As I first wrote here last April, coverage of James Bond wristwatches up to that point had all but completely missed the fact that the first 007 timepiece we see on the big screen is a watch with “a light-colored dial, a smooth, perhaps somewhat domed crystal, and a thin, gold-colored case.”
This has come to be called the “Sylvia Trench” watch, to differentiate it from the Rolex Submariner that adorns the wrist of Agent 007 throughout most of Dr. No.
That previous article here on JamesBondWatches.com also included reference to a wonderful book titled, James Bond: The Legacy, by John Cork and Bruce Scivally. Then and now, I asked if the often-repeated story of Eon producer Albert R. Broccoli (“Cubby”) having pulled the personal watch of his own wrist, then subsequently providing it for Sean Connery to wear in his inaugural outing as James Bond, might not have been this gold-cased, light-dialed watch. As opposed to the Rolex Submariner it’s so frequently assumed to have been.
It’s important to actually look at the source material to see why the Submariner identification is in question here.
The image at left is the third of four that run horizontally down page 36 of James Bond: The Legacy. It is a black and white photograph of James Bond (Sean Connery), with Sylvia Trench (Eunice Gayson) in his arms, less than fully engaged with their kiss. He is looking at his watch, which is clearly the Sylvia Trench watch, and not the Submariner — confirmed by referencing a parallel composition in the film itself, Dr. No, at 16 minutes, 9 seconds running time: Scene 37.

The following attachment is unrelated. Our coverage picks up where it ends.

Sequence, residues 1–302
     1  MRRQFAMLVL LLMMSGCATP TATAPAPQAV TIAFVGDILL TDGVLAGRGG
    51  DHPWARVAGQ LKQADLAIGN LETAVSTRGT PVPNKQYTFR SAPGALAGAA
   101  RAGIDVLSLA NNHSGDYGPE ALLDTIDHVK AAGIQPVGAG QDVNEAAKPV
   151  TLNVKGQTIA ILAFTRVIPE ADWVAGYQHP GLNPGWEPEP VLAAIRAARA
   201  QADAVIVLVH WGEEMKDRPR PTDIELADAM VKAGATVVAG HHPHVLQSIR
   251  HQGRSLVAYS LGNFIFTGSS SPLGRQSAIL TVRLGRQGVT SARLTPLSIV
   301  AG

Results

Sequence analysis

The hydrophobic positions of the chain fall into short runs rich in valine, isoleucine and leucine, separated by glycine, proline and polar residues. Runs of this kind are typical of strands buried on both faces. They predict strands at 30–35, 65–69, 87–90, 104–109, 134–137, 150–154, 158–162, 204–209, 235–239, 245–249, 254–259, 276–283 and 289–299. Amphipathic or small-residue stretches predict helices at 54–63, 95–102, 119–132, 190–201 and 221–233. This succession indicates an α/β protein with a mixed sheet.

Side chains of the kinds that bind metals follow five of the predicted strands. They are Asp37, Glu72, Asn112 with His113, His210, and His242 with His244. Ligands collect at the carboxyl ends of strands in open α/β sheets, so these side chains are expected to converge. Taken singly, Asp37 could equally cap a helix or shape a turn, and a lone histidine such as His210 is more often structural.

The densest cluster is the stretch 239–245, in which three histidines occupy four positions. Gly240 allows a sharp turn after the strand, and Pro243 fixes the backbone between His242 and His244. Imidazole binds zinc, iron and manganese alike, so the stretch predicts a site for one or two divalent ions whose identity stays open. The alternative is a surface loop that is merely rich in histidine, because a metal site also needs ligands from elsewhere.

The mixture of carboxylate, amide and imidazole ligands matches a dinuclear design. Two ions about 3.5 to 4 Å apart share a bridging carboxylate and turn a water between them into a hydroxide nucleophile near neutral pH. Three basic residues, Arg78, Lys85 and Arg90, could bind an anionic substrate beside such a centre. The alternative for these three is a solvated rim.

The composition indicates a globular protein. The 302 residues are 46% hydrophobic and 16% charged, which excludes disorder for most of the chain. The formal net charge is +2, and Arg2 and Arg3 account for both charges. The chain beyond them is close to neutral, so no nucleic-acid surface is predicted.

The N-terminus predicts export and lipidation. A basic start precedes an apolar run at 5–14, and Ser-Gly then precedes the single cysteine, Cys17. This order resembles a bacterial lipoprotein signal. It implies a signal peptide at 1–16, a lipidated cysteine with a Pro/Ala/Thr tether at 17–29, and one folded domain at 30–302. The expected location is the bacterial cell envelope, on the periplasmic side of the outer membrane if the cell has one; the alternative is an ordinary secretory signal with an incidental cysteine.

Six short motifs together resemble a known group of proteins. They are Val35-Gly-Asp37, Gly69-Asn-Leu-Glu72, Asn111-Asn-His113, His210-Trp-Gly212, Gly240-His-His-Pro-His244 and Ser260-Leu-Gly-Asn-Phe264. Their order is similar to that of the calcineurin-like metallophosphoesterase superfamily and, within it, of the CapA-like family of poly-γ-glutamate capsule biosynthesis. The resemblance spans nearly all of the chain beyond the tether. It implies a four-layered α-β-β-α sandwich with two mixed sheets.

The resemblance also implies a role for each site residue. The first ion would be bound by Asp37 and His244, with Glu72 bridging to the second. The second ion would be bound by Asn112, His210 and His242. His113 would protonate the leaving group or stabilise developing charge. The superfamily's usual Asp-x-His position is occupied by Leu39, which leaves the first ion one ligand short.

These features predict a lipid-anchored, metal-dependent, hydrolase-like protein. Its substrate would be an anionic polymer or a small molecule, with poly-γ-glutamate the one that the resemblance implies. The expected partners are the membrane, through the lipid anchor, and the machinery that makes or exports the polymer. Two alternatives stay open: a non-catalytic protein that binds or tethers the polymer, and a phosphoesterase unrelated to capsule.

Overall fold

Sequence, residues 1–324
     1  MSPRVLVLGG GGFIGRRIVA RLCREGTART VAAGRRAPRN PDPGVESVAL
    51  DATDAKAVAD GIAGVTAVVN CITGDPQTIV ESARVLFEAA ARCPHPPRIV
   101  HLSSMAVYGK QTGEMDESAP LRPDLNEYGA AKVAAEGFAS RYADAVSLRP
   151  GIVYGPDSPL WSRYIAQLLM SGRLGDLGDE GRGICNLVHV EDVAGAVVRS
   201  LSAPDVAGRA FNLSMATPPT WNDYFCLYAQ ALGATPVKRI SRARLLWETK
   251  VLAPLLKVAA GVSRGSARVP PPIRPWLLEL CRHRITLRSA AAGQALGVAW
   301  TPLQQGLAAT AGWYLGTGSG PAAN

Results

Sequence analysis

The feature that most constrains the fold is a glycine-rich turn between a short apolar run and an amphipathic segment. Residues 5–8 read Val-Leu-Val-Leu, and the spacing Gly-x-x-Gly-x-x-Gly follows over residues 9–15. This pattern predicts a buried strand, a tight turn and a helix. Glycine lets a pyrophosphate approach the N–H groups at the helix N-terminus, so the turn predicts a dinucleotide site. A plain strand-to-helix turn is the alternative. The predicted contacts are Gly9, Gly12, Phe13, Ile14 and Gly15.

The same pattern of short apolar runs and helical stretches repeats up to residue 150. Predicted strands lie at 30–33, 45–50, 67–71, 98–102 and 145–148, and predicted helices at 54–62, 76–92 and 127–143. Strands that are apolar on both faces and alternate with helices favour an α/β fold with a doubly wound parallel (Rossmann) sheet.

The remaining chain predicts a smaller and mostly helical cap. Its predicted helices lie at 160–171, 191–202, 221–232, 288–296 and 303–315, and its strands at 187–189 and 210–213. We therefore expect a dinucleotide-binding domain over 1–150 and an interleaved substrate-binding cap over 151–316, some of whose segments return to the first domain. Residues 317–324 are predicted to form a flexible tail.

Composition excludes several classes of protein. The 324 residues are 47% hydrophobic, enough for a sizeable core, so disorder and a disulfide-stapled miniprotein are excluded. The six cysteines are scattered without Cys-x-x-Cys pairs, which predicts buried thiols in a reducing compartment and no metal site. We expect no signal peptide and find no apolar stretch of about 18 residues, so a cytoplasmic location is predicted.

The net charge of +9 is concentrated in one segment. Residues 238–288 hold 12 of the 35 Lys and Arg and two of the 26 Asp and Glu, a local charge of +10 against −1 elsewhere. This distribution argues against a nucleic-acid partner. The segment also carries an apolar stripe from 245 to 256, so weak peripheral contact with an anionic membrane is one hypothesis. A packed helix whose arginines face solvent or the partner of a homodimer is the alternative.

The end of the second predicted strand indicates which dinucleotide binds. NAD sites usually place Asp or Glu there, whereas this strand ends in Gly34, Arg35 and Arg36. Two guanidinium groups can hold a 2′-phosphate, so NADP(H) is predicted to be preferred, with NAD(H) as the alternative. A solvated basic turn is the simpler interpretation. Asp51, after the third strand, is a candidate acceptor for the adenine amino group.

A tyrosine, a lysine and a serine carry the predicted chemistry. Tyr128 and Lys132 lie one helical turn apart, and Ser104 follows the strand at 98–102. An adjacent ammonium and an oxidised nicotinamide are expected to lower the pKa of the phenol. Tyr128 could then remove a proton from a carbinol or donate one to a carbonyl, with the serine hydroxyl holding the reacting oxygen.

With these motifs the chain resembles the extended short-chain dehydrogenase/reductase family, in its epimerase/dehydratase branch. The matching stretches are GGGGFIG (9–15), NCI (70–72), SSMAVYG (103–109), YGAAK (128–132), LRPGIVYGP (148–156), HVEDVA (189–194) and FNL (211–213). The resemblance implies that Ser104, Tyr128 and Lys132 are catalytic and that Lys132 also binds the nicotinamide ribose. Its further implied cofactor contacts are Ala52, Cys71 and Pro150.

Authors John Cork and Bruce Scivally label this watch a Rolex. As you can see in the caption from the first image I’ve included here, it reads as follows.
Third, give Bond tailored shirts with turnback cuffs from Turnbull & Asser for a look of class and distinction — accentuated by his Rolex watch. Though a civil servant, agent 007 lives a life of enviable luxury.
The context in which the James Bond Rolex is discussed in the book comes off a tangent accusing the character of snobbery, and considerations for depicting that trait in Dr. No. It “came in the form of Bond’s elite tastes,” Cork and Scivally write. “In short, Bond had to know more about the finer things in life than the audience, than anyone.” They then go on to quote at length production buyer Ron Quelch, who “recalled the day in 1961” when decisions were made regarding 007 accessorizing.
They were looking for everything that Bond might or might not have been wearing. Whether he would have cuff links or whether he wouldn’t. Whether he would have a tie pin, whether he’d have an identity chain, what watch he was wearing, what sort of wallet he would carry, whether it would be an inside pocket job or a hip wallet. Everything that went to create the character of Bond was discussed at that meeting, and it took a long time, believe you me.
Curiously, James Bond: The Legacy goes on to state that the “tone was taken from Ian Fleming himself.” Is this a further recollection from Mr. Quelch, or from some other source? Does this mean that Mr. Fleming provided that tone, or that it was interpreted based on knowing or meeting the creator of James Bond? They don’t say here.
John Cork and Bruce Scivally continue, without further quoting any source in particular.